Parents With BPD: Helpful Parenting Tips

I’m a 24 year old mother of one and I have borderline personality disorder. I am no parenting expert as my daughter is only 1 years old. Every once in a while I search online for parenting tips and development milestones. A week ago, I decided to search parents with BPD. I had hoped to find advice and tips, because all I want is to be a good mother. To my dismay, the results were not what I had hoped for.

Every article and blog post I clicked on, written by your average joe or an expert with a pHD, pretty much said a child with a BPD parent is damned. Apparently, a parent with BPD will negatively affect the social and emotional development of their child. They may also be verbally abusive to their child. And the needs of the parent will always come before the child, they will never put their child first.

As far as I’m aware, what I read was nothing more than unjust opinion. Some parents do affect their children in a negative manner. It can be as a result of their mental health. But not all parents with mental health problems let it effect their parenting. There are many people suffering from BPD or other mental illness, who are great parents.

Raising children is one of the most stressful things we can do. It can be extra stressful when you suffer from any form of illness.  But with a little help or advice, even those of us at a disadvantage can be wonderful parents.

 Here are some great parenting tips from individuals with borderline personality disorder:

“Take what ever time you need to be ok for your kids. Be it weeks in hospital, sending them to daycare, sending them for a sleepover somewhere. Do what ever you need to do, no matter what others may think or say. All that matters is you and your kids.”

“Needing/seeking extra help doesn’t make you a bad parent. It shows dedication and desire to give your child the best upbringing you can provide.”

“If you feel like you’re losing control (for example, rage), its ok to take a step back and remove yourself from the situation. Let someone else take over while you calm down. You are recognising the negative behaviour, and addressing it away from your child/children.”

“Take time off if you need to, don’t let your diagnosis affect your child in a negative way. I don’t need much anymore to be functional, when the pressure is too much, I take 5 minutes on the balcony by myself and breathe. I ask my partner to watch the baby while I go for a walk or I take a long hot bath. Now my boy is too young to remember any of this, but when he grows up, I want him to know it’s okay to walk away, collect your thoughts and come back with a clear mind to tackle any problem. I am sure I won’t always manage to be this composed. All parents have this plan in mind that they will break at some point, because we’re humans, we’re not perfect, but when my son will be asked about his mother having BPD he will be able to say: she did everything she could for my well being.”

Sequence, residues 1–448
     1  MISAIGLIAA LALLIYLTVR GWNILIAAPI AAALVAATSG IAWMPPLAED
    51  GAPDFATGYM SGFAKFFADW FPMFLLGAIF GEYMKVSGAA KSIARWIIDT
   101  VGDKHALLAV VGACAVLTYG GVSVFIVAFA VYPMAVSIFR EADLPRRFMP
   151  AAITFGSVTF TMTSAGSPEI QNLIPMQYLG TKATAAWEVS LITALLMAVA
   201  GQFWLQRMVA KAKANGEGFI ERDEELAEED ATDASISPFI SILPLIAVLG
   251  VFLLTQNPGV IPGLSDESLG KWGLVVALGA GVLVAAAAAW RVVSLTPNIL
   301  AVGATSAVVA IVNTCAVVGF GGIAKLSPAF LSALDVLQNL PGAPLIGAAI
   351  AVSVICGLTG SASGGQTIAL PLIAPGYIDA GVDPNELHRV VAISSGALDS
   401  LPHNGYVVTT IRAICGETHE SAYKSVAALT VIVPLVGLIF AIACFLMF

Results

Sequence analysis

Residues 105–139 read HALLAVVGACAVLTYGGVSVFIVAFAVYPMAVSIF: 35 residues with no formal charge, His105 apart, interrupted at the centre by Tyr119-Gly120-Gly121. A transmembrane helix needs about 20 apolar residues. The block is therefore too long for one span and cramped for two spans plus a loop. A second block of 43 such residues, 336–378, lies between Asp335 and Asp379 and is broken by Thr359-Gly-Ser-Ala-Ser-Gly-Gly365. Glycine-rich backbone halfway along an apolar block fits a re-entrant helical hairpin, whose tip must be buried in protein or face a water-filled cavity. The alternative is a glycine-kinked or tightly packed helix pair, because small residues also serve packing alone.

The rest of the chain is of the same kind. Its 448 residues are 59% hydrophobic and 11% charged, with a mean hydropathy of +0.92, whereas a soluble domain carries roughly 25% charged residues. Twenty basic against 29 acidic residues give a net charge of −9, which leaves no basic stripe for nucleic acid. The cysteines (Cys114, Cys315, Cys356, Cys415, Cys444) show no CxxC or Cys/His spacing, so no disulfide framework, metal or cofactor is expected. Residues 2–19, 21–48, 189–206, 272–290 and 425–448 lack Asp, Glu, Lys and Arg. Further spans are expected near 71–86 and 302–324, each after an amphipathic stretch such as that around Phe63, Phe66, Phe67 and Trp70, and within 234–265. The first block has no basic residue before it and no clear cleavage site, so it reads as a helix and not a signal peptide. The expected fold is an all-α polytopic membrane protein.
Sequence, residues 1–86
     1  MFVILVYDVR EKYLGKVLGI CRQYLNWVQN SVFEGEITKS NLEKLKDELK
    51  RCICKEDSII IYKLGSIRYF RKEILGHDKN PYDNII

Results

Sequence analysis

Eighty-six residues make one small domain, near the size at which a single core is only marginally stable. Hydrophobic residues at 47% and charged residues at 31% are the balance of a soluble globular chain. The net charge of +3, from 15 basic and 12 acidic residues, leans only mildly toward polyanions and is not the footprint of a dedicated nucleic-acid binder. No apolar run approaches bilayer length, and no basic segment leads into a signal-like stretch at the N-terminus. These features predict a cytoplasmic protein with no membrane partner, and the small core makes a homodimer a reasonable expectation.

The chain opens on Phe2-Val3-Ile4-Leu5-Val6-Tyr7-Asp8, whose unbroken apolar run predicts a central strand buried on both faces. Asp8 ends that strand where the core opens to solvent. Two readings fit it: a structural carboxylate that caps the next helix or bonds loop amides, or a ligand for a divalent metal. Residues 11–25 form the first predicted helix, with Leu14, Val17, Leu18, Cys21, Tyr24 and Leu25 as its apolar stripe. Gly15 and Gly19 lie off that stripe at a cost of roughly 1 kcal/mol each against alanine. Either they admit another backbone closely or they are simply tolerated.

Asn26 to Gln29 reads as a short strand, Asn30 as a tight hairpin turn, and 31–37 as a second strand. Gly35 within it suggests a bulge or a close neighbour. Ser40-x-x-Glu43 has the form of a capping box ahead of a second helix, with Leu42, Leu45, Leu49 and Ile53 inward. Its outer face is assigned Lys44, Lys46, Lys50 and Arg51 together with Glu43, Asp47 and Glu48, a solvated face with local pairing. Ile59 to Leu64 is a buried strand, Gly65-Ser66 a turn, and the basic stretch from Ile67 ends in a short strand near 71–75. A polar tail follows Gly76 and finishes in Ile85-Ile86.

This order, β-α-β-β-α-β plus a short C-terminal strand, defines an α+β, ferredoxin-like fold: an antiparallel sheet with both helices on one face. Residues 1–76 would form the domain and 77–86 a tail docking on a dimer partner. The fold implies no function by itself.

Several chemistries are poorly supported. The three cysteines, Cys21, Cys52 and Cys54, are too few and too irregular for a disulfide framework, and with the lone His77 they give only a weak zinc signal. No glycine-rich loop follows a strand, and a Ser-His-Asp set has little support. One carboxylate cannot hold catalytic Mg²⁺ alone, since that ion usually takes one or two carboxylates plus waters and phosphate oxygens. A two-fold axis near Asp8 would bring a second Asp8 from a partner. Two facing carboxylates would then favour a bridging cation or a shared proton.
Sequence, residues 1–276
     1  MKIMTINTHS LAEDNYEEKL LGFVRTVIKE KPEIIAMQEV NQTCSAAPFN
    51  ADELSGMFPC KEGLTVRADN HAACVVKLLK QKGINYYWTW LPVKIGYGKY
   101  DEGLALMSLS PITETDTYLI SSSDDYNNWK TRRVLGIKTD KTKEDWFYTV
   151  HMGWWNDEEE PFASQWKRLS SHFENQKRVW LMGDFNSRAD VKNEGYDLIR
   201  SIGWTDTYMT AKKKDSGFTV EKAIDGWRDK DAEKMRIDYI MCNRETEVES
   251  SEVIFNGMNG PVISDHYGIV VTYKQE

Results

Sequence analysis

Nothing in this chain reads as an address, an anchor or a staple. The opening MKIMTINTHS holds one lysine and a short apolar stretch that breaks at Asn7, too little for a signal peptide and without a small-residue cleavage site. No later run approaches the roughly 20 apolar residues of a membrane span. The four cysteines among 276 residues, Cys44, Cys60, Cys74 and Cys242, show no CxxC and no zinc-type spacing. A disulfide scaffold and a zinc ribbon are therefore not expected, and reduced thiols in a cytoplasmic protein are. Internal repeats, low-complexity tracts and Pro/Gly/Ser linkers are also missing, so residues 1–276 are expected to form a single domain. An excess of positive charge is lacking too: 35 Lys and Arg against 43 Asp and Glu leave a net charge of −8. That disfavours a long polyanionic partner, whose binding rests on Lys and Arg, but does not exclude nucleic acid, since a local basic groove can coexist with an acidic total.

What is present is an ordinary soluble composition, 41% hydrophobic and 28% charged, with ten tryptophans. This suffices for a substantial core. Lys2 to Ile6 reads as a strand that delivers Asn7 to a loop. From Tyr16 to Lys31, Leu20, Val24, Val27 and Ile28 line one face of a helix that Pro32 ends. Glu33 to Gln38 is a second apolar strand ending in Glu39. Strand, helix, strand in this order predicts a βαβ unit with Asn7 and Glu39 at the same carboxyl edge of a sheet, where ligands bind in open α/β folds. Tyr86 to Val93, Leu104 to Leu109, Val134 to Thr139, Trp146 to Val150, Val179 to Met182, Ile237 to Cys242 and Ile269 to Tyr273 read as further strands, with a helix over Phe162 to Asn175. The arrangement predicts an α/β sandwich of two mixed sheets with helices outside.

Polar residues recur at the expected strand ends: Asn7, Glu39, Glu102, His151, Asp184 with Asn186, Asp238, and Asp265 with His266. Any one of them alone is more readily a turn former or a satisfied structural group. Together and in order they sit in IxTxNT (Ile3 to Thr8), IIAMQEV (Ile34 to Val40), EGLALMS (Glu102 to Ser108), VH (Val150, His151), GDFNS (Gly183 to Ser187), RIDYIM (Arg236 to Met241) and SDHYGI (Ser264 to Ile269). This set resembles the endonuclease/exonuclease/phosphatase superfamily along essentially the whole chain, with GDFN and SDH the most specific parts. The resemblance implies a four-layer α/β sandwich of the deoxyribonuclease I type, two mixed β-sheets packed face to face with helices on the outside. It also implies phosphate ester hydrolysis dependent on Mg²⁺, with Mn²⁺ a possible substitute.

“You’re going to need a lot of help and support. You are going to get very overwhelmed and need to step away NOW for 15 minutes, a couple hours, sometimes maybe even for the night. Just make sure people in your life understand that. It’s going to be the most daunting task of your life but the love is incredible and seriously… just a smile or a laugh from the little ones makes it all worth it. As cliché as that sounds…. Often when I’m having a tough day or my daughter is giving me a hard time, I tell myself I must be CRAZY for wanting another one!! But as soon as she laughs… or says “I love you mummy”, I’m so ready and willing to do it all over again.
When I first became pregnant my best friend told me that she was excited for me, that she thought this would be a very good thing for me, because I’d have my own little human to love and nurture, and that would love me back. She was right… I feel I have purpose for the first time in my life. A big step for a borderline!

So yeah, don’t listen to anyone who says we cant do it.

Don’t be afraid to ask for help x”

“Take care of yourself. Find any local resources that might be of help. Utilize anything you can that will be of help. If anyone tries to judge just point out that you are getting the help because you love your family and want the best for them. Remember kids are kids. They don’t mean to be difficult, they’re learning and need our help and guidance to develop the life and social skills necessary to achieve independence. When you can, take time to be a kid with them. Sit and watch cartoons together, have a water fight, throw a tea party, color. Be in the moment.”

Do you have any useful parenting tips? Feel free to comment below!

One Comment Add yours

  1. Brie says:

    These are all good tips! While I don’t exactly have BPD, I never got a clear diagnosis and went through DBT Therapy. DBT has been proven to be very helpful for people with BPD. I try and regularly check in with the skills I’ve learned. Even just reading about them jogs my memory and reminds me to use them!

    I write, among other things, about parenting with mental illness, including posts about DBT Skills as they pertain to parenting challenges. I write about it because, like you, I haven’t found much guidance out there!

    Liked by 1 person

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